In 1970, I was in the Creekside Gun Shop near Rochester, NY, a wonderful store that had a rifle range out back. My eye lit on a .460 Weatherby Magnum, and since Creekside allowed customers to try out guns right there, I asked the salesman if I could shoot the beast. He said of course, and gave me a box of cartridges. I took out my driver’s license and put it on the counter.
“What’s that for?”, he said.
“Well, you don’t know me from Adam’s off ox and I’m about to walk out of here with a $495 gun” (This is what a .460 Mark V cost in 1970. I looked it up.)
“Take the goddamn thing outside and shoot it,” said the salesman.
We now fast-forward to last week in Virginia, where the halfwit clerk in the Wal-Mart told me that I couldn’t get a license to shoot groundhogs unless I could produce a previous license. This was, of course, a crock of s**t, but there I was still minus my 3-day permit.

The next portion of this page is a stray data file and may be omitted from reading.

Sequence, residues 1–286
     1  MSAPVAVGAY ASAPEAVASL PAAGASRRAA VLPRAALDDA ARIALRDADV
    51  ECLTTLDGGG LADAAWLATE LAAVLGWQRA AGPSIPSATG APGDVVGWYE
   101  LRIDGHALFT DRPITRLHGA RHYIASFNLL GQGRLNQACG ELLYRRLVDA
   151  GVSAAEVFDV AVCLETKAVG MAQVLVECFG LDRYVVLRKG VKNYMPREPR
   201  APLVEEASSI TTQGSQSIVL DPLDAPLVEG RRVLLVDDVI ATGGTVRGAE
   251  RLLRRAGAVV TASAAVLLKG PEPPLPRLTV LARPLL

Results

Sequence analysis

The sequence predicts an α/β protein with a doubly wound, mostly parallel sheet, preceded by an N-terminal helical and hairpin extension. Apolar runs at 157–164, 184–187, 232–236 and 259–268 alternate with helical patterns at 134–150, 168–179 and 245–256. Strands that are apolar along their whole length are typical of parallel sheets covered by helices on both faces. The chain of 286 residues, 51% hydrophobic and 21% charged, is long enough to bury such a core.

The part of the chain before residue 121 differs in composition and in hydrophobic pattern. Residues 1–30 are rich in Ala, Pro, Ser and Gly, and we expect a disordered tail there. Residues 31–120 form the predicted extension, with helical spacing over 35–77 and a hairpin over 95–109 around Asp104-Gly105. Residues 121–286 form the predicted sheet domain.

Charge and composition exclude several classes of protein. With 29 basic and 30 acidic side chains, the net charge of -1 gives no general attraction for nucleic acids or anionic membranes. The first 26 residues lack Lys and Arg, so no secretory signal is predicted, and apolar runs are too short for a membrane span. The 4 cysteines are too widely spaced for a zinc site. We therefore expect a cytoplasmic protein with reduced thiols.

One of the men in our party, whom I had known for one minute and 5 seconds, said “Get in my pickup,” and he drove me 10 miles each way to a gun shop where I became legal.
What these two incidents have in common is this: I have believed for a long time that shooters show more trust toward each other, and will do more for each other, than any group of people I can think of. Again and again I’ve seen members of our fraternity loan equipment, provide help, lend instruction (often to shooters who are competing against them), simply give stuff to, and generally go way, way, out of their way to aid other people who like to smell powder burning.
Ours is not an exclusive club–anyone can belong who likes to pull a trigger–but it is a goddamn good one.